In a hyper-competitive market, knowing where your competitors are headed is an important strategic advantage. Consider the case of a Fortune India 500 IT services major with $9 billion in annual revenues. The company was looking to focus on blockchain and wanted to ascertain which of their competitors were also focusing on this new space. By looking at the job postings of their competitors for blockchain-related roles in specific regions, their market and competitive intelligence team was able to intelligently predict specific competitors they would be up against.
Sales signals: the digital breadcrumbs that enabled a sales team to engage with prospects
A common strategy for B2B companies selling to large enterprises is account-based sales development (ABSD). Instead of trying to sell to everyone and spreading themselves thin, enterprise sales teams focus on a few high-value accounts to deep-dive into. The healthcare division of a Fortune 500 IT major was seeing success with its ABSD strategy but was looking to cut down on the lengthy sales cycle. They realised that account managers that were having personalised conversations with prospects and following up with them frequently were closing deals sooner than the others.
They started tracking their key accounts for conversations starter signals such as event participation, awards, new office opening, and leadership changes. These signals, 'conversation starters', gave the opportunity to the sales teams to follow-up with the right context without being a nuisance. By scaling this activity across the sales team, they were able to get to a point where 90% of their account managers reported finding opportunities to engage with their prospects.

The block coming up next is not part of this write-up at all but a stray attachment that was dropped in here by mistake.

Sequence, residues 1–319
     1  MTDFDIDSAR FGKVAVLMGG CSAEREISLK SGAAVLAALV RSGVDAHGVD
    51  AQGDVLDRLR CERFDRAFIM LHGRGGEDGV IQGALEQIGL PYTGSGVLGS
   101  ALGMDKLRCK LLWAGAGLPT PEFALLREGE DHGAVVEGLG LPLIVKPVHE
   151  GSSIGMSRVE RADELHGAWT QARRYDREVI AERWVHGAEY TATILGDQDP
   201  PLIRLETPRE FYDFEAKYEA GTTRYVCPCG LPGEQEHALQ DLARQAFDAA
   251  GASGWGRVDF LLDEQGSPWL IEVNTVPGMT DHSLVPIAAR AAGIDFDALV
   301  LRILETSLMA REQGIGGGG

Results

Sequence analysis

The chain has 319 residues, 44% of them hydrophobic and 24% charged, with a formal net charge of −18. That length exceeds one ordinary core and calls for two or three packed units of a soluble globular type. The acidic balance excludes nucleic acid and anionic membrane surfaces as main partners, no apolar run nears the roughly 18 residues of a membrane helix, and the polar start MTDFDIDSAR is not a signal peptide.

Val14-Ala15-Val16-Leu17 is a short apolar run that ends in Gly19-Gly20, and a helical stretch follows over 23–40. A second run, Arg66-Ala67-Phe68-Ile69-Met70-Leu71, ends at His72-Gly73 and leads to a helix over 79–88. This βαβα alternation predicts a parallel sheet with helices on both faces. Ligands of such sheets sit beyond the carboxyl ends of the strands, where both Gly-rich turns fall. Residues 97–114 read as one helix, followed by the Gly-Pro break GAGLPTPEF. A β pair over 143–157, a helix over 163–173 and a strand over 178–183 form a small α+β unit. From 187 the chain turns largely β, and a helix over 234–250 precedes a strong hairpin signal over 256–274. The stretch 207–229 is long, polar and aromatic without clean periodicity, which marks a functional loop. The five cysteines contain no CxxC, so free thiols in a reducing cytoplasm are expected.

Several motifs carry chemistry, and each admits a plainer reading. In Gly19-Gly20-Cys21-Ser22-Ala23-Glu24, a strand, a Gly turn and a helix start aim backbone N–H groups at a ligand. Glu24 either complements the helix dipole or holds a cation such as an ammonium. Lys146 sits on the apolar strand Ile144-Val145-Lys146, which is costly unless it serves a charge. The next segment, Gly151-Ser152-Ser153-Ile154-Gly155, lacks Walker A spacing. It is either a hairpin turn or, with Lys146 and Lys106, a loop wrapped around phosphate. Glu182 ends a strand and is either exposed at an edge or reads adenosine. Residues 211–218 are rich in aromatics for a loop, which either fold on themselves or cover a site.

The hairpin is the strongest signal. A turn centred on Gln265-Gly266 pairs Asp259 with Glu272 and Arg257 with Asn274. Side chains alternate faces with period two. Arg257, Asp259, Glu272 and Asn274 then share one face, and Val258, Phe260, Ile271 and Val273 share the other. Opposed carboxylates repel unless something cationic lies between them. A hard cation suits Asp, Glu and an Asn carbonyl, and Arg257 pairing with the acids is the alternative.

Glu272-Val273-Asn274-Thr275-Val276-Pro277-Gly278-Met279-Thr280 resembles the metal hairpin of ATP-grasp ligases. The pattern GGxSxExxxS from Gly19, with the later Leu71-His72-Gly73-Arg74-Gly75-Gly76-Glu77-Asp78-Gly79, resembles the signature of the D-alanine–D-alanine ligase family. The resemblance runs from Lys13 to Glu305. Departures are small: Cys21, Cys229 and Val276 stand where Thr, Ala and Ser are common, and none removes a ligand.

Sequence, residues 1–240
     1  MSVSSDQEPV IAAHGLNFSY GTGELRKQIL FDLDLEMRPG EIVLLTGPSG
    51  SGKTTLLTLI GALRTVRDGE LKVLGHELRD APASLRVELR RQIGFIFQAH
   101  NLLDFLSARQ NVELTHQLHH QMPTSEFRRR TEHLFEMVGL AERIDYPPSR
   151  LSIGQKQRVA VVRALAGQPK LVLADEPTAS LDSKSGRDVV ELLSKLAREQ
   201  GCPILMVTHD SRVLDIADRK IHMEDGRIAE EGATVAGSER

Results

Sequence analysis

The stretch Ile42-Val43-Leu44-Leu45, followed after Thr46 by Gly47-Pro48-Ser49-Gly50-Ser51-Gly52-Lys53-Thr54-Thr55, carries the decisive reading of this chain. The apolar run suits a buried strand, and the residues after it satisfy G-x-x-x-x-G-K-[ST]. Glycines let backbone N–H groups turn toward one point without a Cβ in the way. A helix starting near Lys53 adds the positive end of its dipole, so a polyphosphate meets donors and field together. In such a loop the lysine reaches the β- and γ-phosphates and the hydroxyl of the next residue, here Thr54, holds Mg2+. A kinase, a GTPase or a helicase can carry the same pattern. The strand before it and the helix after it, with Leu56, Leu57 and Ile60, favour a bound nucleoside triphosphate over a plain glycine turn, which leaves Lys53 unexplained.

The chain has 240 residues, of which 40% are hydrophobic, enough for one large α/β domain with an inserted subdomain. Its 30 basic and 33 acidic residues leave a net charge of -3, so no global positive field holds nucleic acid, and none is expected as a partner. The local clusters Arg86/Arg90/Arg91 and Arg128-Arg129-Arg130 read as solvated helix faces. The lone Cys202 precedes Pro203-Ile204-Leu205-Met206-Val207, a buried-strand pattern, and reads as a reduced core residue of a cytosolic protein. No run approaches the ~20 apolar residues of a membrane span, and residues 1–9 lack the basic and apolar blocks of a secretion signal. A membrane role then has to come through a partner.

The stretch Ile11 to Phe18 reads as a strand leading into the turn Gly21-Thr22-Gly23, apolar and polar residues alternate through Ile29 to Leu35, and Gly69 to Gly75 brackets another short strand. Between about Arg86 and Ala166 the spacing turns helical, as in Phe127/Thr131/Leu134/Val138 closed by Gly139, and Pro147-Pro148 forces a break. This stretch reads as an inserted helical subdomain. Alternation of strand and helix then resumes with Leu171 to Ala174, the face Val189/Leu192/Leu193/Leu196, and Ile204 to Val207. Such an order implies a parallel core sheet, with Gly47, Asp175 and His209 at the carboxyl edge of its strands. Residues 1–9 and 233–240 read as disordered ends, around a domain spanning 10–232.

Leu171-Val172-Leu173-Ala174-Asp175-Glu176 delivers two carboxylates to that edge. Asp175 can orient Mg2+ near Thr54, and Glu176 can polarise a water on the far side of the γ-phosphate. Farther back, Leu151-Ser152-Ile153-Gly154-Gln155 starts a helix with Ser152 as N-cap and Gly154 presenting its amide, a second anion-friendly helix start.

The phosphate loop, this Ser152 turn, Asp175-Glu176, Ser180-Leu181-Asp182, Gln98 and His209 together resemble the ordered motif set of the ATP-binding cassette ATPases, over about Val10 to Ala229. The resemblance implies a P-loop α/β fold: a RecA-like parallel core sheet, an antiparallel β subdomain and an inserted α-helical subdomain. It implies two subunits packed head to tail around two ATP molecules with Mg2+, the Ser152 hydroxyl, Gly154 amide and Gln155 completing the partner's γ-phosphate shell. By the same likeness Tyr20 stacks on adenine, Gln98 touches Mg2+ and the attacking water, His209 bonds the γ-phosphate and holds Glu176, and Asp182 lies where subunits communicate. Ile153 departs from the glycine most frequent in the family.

So the question remains, if there is value in tracking these digital breadcrumbs, then why do companies tend to overlook them? We think it is because it’s usually easier said than done. It is overwhelming to identify such signals in the extremely noisy place like the internet without the aid of sophisticated tools that are specifically engineered for this purpose. As it turns out, the first step towards building a market-intelligent company is to define the goals of your market intelligence programme. As you might have already noticed, in all the examples above, there was a clearly defined goal which helped these companies identify and capture the right digital breadcrumbs.
Author: Mohit Bhakuni